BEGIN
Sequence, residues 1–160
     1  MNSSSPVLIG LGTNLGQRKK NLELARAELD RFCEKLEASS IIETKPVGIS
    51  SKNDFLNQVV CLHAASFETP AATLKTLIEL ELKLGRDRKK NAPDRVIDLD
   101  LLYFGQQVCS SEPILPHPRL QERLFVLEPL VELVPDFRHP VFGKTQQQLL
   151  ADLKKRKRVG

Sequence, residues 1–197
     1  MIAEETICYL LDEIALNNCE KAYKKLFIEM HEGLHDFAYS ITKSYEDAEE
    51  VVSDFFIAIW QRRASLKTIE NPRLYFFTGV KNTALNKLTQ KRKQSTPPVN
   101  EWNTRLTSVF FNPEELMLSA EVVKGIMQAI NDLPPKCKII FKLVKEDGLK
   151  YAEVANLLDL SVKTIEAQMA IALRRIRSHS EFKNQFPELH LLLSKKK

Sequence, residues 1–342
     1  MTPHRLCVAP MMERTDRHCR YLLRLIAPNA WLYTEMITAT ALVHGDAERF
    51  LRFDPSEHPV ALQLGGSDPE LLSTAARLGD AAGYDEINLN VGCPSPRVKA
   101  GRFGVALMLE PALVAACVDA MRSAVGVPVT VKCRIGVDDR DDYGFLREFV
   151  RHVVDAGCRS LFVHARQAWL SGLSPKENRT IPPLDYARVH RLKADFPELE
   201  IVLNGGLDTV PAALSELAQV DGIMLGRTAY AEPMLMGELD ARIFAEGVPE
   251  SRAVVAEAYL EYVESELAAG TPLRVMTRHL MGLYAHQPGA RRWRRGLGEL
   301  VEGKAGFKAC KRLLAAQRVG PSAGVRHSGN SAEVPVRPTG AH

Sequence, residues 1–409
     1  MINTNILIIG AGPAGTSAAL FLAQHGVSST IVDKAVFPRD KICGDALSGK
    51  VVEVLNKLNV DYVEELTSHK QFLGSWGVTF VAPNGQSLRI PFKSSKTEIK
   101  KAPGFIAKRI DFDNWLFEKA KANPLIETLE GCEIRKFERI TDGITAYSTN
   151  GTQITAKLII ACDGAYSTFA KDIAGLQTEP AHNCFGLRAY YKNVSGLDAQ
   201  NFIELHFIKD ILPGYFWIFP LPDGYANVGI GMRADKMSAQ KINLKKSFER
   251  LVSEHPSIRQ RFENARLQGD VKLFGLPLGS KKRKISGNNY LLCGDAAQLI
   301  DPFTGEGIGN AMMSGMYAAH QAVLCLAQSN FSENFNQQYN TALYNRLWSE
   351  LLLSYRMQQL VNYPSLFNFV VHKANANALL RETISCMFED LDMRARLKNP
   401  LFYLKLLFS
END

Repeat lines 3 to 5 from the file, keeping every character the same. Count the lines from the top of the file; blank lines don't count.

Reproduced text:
    51  SKNDFLNQVV CLHAASFETP AATLKTLIEL ELKLGRDRKK NAPDRVIDLD
   101  LLYFGQQVCS SEPILPHPRL QERLFVLEPL VELVPDFRHP VFGKTQQQLL
   151  ADLKKRKRVG